Polar Bear Kills Man in Arctic Svalbard
A polar bear has killed a man on Norway's Svalbard archipelago in the Arctic, local officials said Friday, the sixth fatal attack in almost 50 years in the region.
The incident took place overnight in a camping area near the main town of Longyearbyen, located 1,300 kilometers (800 miles) from the North Pole.
The man, who has not been named, was seriously wounded during the attack and died soon after, the local governor's office said in a statement.
Other people at the scene fired shots at the bear, which was later found dead in the parking lot of the local airport. In Svalbard, which is also known as Spitzberg, people are advised to carry a weapon when outside urban areas.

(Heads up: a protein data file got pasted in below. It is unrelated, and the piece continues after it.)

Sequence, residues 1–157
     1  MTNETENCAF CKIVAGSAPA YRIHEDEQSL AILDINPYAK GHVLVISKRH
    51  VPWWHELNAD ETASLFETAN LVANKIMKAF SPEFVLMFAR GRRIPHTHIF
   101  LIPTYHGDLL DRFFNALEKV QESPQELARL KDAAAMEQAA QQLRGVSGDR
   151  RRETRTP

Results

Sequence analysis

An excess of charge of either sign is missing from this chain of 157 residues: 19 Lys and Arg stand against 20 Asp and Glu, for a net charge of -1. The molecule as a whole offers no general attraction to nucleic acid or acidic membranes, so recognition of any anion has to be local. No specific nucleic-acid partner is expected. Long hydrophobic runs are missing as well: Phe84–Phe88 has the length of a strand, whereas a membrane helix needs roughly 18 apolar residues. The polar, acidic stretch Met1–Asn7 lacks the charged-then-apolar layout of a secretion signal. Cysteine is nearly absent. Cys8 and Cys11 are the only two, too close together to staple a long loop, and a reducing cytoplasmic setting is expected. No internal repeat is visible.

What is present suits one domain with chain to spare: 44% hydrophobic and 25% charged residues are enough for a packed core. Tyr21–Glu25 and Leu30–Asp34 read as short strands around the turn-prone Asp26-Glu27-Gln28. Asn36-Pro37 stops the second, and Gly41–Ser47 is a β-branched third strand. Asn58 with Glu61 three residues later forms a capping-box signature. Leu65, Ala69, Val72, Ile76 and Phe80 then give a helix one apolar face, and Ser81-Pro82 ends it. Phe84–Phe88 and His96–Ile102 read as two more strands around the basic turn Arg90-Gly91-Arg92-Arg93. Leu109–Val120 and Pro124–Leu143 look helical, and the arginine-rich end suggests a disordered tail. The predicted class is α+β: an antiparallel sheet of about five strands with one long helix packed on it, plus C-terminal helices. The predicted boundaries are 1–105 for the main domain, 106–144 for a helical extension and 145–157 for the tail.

According to a tally from 2015, the archipelago is home to about 1,000 polar bears, a protected species since 1973.
Until now, five deadly attacks on people had been recorded since 1971.
The most recent one occurred in 2011 when a bear attacked a group of 14 people camping as part of a British school trip. A 17-year-old British student was killed and four others were injured before the animal was killed.
According to experts, the shrinking icecap has reduced the polar bears' preferred hunting grounds, where they eat seals, pushing them to approach populated areas in their hunt for food.